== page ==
By Peta Richkus.
After the recommendation of the bi-partisan Board of Elections, as well as that of the Maryland Association of Election Officials, I really expected Gov. Hogan to go with the suggested hybrid election, which seemed to address all concerns: public health, capacity, security, efficiency.
But no. Hogan is choosing instead to increase the dollar cost and the confusion, and to encourage more people to go out and mingle in the midst of a pandemic.
Hopefully, the current trend of COVID-19 cases will reverse by the November election, but I trust you know that the number of COVID-19 cases in Maryland is increasing.
The county Boards of Election lost many of their experienced Election Judges in the Primary – being older, and thus more susceptible to COVID-19, they were not willing to potentially risk their lives. The local Boards will be hard-pressed to recruit the thousands needed for a full contingent to cover all the usual polling places, as Hogan has ordered. Baltimore City says they will need more than 4,000 people; Anne Arundel County, 3,000, for example. The populous Montgomery and Prince Georges Counties, where the coronavirus situation is measurably more serious, will have even more difficulty staffing all their polling locations. Recruiting novices and implementing the required COVID-related health and physical distance precautions will add to the confusion and misinformation, as well as the cost. (I have been an Election Judge and I have trained Election Judges, so I have some understanding of the job and responsibilities.)
Everyone agrees there were not enough in-person voting locations for the Primary. But trying to open ALL polling places will be counter-productive.
According to an article in Maryland Matters, David Garreis, the president of the Maryland Association of Election Officials, told the governor in a letter this past week that local boards of elections don’t have the resources to process thousands of ballot requests. “We cannot overstate the devastating consequences likely to result if the State of Maryland does not plan now to mail every voter a ballot for the 2020 Presidential General Election.”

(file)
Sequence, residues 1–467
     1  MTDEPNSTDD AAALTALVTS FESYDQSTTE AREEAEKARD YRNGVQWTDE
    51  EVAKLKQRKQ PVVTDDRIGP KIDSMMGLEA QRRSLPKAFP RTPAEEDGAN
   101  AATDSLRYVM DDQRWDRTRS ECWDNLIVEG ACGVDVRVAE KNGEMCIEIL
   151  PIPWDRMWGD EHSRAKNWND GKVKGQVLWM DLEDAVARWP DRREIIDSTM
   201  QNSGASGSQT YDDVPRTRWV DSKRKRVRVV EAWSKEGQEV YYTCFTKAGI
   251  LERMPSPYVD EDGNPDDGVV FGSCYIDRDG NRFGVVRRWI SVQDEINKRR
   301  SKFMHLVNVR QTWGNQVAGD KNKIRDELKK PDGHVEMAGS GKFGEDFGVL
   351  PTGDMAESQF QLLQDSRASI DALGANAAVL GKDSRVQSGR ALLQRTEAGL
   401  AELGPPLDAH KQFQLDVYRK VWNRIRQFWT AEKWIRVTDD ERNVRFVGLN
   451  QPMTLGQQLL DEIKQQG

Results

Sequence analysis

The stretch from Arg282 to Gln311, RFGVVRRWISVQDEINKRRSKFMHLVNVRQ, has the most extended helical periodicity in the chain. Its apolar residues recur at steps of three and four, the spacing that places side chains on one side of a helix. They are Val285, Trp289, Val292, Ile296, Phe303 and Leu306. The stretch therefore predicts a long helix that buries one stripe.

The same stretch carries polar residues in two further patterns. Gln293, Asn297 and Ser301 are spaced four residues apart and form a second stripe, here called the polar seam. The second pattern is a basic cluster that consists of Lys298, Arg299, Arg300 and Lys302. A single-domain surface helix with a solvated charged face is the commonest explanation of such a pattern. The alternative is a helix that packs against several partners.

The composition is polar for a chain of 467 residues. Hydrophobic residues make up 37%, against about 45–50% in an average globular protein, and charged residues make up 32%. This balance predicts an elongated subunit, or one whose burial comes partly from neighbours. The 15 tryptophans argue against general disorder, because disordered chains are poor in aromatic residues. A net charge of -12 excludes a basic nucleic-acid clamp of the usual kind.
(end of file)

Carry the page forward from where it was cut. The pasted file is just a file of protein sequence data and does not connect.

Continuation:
But what about voter fraud?
“Voter fraud” is a Red Herring. Even the conservative Heritage Foundation’s own data shows how negligible the issue of voter fraud is. According to the Heritage Foundation, there were ZERO convictions for voter fraud in Maryland in 2016; TWO in 2018 – among 3,954,027 eligible voters! There have apparently been only SEVEN convictions for voter fraud in Maryland since 2012. (I am not counting the Paul Schurick/Julius Henson convictions: as those of us old enough to remember, that wasn’t the kind of voter fraud we are talking about here.
You have probably seen that the Republican National Committee and other Republican groups have dropped their lawsuit against California to stop the state from mailing absentee ballots to all voters ahead of the 2020 general election. In the past, it’s been Republicans who have been the biggest supporters of mail-in ballots.
Another issue raised by VBM opponents desperate for a reason to object: ‘motor voter registration has resulted in many invalid addresses.’ (BTW, MVA isn’t the only state agency that forwards its customers’ information for automatic voter registration.) Maybe it could do better, but the State Board of Elections manages to cull/correct/remove HUNDREDS OF THOUSANDS of records each year: 261,942 last year, per their 2019 accounting.
It should be easy for every eligible voter to vote, not more difficult. Vote By Mail does not really favor either party. As evidence: my Democratic sources say, “VBM does not favor either party, though there might be a slight advantage for Democrats.” But I have to balance that with what my Republican sources say, as recently as this week: “VBM does not favor either party, though there might be a slight advantage for Republicans.” (lol)
Voter turnout during the Vote By Mail Primary was UP. It couldn’t be that Governor Hogan is aiming to reduce voter turnout, I would hope.
What can you do? Contact your elected officials and tell them to speak out against Hogan’s decision to, in line with Trump directives, make voting in November as confusing and complicated as possible. Enter your address to find your elected officials.
Meanwhile, request an Absentee Ballot from the State Board of Elections (SBE).
And know that you can find information about voting in November, including polling locations and the schedule for Early Voting (October 22, 2020 through Thursday, October 29, 2020, 8 am to 8 pm), and Voter Registration at the SBE website: https://elections.maryland.gov/index.html
Peta Richkus is a retired State employee. MD Secretary of General Services, Jan 1999 – Jan 2003; Commissioner, Port of Baltimore, MD Port Administration, Jul 2008 – Jan 2014.